As Wolff put it, “How do you win African Americans just because you’re an African American?” We often have this intrinsic distrust of politicians that can end up either making or breaking a campaign. Images of Obama playing games of pickup basketball eventually gave the African American community the confidence to believe that Barack Obama was just a regular guy looking to make a difference. Wolff also discussed the intricate balance between portraying Obama as an “Average Joe” and avoiding playing into the stereotypes associated with being an African American male who plays basketball. The ingenious strategy was to introduce the candidate as a politician first and then slowly introduce his love of basketball in small groups of voters who had come to know him quite well. Obviously, the Obama campaign was able to find just the right middle ground.  Winning over enough Americans to be elected the leader of the nation is certainly not an easy feat. Being an African American candidate presented extra challenges for his campaign, but Barack Obama managed to make history.  The groundbreaking strategies on the road to the White House were, according to Wolff, only aided by Obama’s genuine love of America’s favorite game. It seems only fitting, then, to document as Alexander Wolff has done so beautifully, the unique and successful relationship between basketball and America’s first African American president.

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Bridgette Devlin, Biology major

Recently, I interviewed Alexander Wolff, Sports Illustrated writer and author of The Audacity of Hoop: Basketball and the Age of Obama. In the book, Wolff tracks basketball’s involvement throughout Barack Obama’s campaign and Presidency so far. One section, specifically, focuses on “Baracketology” – Obama’s annual NCAA March Madness bracket. So, what makes these brackets so important? Alexander Wolff thinks it’s all about Obama’s political strategy, relatability, and legacy.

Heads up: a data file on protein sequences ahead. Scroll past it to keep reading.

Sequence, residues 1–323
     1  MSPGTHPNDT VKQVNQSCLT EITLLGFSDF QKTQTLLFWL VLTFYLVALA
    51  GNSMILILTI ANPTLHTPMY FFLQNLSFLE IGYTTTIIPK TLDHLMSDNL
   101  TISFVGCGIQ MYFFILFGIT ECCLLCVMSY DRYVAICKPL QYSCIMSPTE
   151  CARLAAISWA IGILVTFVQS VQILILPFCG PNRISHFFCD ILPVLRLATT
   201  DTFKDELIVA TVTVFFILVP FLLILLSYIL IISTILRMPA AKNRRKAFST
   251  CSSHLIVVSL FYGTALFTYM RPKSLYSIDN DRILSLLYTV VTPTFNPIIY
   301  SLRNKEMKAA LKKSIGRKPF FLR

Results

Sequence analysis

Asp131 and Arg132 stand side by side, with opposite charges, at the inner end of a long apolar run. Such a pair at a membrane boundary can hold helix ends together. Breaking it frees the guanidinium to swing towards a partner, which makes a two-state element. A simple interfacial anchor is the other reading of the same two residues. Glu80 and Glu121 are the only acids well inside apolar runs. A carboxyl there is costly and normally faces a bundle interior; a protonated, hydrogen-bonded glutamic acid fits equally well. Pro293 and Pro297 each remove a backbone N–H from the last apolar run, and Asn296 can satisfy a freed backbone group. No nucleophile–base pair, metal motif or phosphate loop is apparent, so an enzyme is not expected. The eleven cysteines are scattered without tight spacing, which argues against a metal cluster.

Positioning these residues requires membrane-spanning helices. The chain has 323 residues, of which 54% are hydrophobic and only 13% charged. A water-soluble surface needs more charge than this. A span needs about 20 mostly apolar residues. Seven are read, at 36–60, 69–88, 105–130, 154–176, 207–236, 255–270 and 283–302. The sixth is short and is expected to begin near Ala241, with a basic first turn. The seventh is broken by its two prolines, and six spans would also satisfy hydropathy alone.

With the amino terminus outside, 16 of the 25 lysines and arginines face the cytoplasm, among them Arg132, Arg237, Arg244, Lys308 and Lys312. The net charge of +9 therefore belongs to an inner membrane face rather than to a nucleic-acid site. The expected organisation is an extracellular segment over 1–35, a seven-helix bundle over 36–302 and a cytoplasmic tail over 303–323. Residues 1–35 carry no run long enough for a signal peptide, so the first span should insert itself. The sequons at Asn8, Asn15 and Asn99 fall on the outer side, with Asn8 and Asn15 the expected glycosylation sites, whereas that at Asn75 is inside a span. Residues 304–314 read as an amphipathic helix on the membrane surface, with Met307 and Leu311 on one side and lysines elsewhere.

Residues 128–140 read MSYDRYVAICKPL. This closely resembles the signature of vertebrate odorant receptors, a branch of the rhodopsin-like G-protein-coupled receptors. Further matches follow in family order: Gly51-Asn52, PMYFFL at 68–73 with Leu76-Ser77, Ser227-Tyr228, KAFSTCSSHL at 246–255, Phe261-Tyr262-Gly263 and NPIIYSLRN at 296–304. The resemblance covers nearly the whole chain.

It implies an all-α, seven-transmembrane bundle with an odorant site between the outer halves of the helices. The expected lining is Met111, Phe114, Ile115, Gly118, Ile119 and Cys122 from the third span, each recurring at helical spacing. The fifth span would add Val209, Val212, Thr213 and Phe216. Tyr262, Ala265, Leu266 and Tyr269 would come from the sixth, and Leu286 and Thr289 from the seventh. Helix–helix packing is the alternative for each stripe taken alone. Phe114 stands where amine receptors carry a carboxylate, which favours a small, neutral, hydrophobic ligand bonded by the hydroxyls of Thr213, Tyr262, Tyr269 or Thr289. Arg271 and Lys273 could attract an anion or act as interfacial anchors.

The author easily listed examples of how the President’s March Madness picks can seem politically charged. Obama received criticism over his brackets’ large proportion of swing states and frivolity. Despite pushback from across many spectrums, Wolff says the yearly bracket simply conveys Obama’ sincere love of the game. Wolff described the tradition of inviting the champions to the White House to meet with the Obamas. He easily bantered with the teams. He jokes with the players and the coaches, proving that he keeps up-to-date with both the game and the latest league news. Regardless of his motivations, Obama’s NCAA bracket has provided him an opportunity to connect with the American people, showing them he is an average, relatable, and trustworthy person. Wolff notes that Obama’s connection to basketball and the tournament comes across as incredibly genuine, not as though we are being “spun” by an expert politician/manipulator. Wolff even goes so far as to speculate basketball’s influence on Obama’s Presidential legacy: “Will Obama be remembered as the President who shared his brackets with us?” Perhaps “Baracketology” will become a tradition, carried on by the next Commander-in-Chief as a way to reach the American people. The once-criticized practice has now become commonplace political strategy.